Creating a real time graph using SignalR

SignalR is a ASP.NET Core library that can be used to develop real time web applications.

What are real time web applications?

Real time web applications differ significantly from traditional web applications. Traditional web applications pull data from the server by making HTTP requests. In real time web applications the server and client are connected continuously and data flows in this connection without the need for establishing and terminating a connection for every request.

Let’s create a simple web application where multiple users can add data points to a graph in real time. We will be using ASP.NET Core 2.1 for this project, the completed project will look like this

Setting up the project

dotnet new web -o SignalR_LiveGraph

This dotnet CLI command creates an empty ASP.NET Core web project in the folder SignalR_LiveGraph

Then we need to build the project once, so that the project dependencies will be downloaded.

cd SignalR_LiveGraph 
dotnet build

If the build isn’t successful, there must be something wrong with your .NET Core installation

We are done with the setup, let’s dive into the actual code

First we should start by adding SignalR to our web application

public void ConfigureServices(IServiceCollection services) 

The AddSignalR() method adds the necessary stuff required for SignalR to run properly.

Then in the Configure method,

public void Configure(IApplicationBuilder app, IHostingEnvironment env) 
  if (env.IsDevelopment()) 

  app.UseFileServer(); // <--- Add this 

Nothing big here, we just removed app.Run() which returns "Hello World!" as the response for every request and added app.UseFileServer() which enables the static file middleware, so that we can use a serve a index.html, and other static files.

Creating a SignalR Hub

A Hub enables us to call methods on connected clients from the server, Don’t worry if this doesn’t make sense to you, it will make sense once you see it in action.

using Microsoft.AspNetCore.SignalR; 
using System.Threading.Tasks; 
namespace SignalR_LiveGraph 
  public class GraphHub : Hub 
    public Task SendValue(int value) 
      return Clients.All.SendAsync("ReceiveValue", value); 

We have created a class GraphHub that extends SignalR.Hub and added a method that we will be calling from the client. Clients contains all the clients that are connected, we have used Clients.All since we want to broadcast the value to all the connected clients.

Now we have to map the hub to a path, to do that we have to add the following to the Configure method in Startup.cs

app.UseSignalR(routes => { routes.MapHub("/graphHub"); });

We have mapped the path /graphHub to the GraphHub class. We are done with the signalR server, now we need to create the client.

Create index.html under wwwroot and add the following scripts and stylesheets

<!DOCTYPE html>
        <meta charset="utf-8" />
        <meta http-equiv="X-UA-Compatible" content="IE=edge">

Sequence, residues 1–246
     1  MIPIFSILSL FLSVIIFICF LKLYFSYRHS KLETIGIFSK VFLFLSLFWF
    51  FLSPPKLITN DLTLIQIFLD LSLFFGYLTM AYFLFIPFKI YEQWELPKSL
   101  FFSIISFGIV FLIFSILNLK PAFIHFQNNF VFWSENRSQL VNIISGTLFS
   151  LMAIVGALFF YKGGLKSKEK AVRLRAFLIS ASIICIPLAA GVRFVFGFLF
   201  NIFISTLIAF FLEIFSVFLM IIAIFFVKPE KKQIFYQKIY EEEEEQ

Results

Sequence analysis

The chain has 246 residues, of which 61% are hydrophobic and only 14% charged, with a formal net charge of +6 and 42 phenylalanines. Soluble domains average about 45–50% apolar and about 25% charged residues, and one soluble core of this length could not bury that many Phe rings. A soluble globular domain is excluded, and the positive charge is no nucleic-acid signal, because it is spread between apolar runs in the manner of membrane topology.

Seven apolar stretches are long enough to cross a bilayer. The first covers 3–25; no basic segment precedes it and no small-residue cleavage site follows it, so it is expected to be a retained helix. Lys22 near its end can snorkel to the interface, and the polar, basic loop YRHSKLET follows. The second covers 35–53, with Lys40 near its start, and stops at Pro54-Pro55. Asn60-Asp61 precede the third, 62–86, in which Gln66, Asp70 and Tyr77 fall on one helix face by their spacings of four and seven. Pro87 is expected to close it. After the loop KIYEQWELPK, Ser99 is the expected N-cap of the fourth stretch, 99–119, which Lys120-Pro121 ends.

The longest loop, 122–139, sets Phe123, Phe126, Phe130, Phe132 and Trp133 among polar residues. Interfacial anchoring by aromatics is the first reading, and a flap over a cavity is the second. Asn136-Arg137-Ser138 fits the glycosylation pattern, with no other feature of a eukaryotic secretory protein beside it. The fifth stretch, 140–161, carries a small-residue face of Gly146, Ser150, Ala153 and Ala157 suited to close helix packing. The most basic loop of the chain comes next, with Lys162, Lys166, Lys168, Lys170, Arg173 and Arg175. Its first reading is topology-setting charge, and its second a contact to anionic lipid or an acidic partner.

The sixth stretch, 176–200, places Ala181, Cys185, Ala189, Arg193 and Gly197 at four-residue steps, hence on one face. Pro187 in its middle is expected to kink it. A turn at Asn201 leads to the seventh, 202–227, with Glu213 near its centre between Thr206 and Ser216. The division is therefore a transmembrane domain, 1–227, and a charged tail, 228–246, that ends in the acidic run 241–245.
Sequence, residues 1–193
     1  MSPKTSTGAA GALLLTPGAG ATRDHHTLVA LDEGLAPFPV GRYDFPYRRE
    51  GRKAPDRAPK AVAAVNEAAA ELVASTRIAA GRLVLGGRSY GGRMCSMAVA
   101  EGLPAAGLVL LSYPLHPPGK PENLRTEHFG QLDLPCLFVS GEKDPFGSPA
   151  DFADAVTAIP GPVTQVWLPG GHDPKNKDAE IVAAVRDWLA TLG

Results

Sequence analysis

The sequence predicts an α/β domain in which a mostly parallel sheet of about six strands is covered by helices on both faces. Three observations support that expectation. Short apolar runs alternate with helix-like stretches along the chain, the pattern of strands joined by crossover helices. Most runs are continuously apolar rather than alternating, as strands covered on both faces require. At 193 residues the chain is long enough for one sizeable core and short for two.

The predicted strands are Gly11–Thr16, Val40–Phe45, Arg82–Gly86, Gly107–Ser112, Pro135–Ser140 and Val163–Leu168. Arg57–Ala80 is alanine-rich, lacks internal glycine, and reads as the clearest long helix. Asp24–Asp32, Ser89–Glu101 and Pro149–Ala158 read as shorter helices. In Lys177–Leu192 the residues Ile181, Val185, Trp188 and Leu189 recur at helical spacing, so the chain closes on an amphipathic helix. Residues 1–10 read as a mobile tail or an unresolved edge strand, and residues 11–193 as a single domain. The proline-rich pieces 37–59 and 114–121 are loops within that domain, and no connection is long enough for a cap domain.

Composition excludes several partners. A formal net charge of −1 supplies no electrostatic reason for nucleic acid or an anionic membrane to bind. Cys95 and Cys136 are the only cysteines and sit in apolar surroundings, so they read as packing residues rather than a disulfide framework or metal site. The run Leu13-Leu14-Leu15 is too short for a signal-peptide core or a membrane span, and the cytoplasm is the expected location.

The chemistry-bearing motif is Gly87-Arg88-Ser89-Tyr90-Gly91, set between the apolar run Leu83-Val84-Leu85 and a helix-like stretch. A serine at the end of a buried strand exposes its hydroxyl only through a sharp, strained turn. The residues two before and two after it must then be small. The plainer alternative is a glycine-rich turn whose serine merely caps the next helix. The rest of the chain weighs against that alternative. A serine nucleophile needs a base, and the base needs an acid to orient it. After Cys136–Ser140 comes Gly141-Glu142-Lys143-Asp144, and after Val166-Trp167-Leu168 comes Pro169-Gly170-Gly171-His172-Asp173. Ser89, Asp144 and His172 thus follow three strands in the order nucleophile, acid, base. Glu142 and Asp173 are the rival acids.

<title>SignalR Real time graph</title>
        <meta name="viewport" content="width=device-width, initial-scale=1">

        <link rel="stylesheet" href="//">
        <script src="//"></script>
        <script src="" integrity="sha256-FgpCb/KJQlLNfOu91ta32o/NMZxltwRo8QtmkMRdAu8=" crossorigin="anonymous"></script>
        <script src=""></script>
            <label> Enter a value </label>
            <input type="text" id="datapoint">
            <button id="submitBtn">Add</button>
            <button id="randomValueBtn">Add Random</button>
        <div id="chartArea">
        // create the Chartist object
        var lineChart = new Chartist.Line('#chartArea', {
            labels: [],
            series: [[]]
            low: 0,
            showArea: true
        // build a signalR HubConnection
        var connection = new signalR.HubConnectionBuilder().withUrl("/graphHub").build();
        // define behavior when the "ReceiveValue" event is sent from the server
        connection.on("ReceiveValue", (value) => {
        // Send the value to SendValue method in GraphHub.cs
        var sendValue = async function(value) {
            await connection.invoke("SendValue", value);
        // Send the user entered value to GraphHub.SendValue
        $("#submitBtn").on("click", () => {
            const value = $("#datapoint").val();
            if (value && !isNaN(value)) {
        // Send a random number to GraphHub.SendValue
        $("#randomValueBtn").on("click", () => {
            const value = Math.floor((Math.random() * 1000) % 100);

We will be having a textbox for the user to enter a value, a button to submit, a button for providing random values and a line chart to display those values

Now, let’s test it

dotnet build 
dotnet run

What is the difference between WebSockets and SignalR?

WebSocket is a technology which is used for data transfer, SignalR is a library for ASP.NET developers. SignalR uses WebSockets if it is supported by the browser, else it will fallback to other methods that simulate a persistent connection such as long polling, Server Sent Events, Forever frame, etc.

How to debug SignalR applications?

In traditional web applications, we can use the browser’s developer tools to examine network requests and responses, it’s the same in the case of SignalR, when WebSockets are used, the request will be sent and the response contains a Upgrade header

For websocket connections, Chrome developer tools has the frames tab, which can be used to inspect individual frames in a WebSocket connection.

The full source code for this project can be found here.

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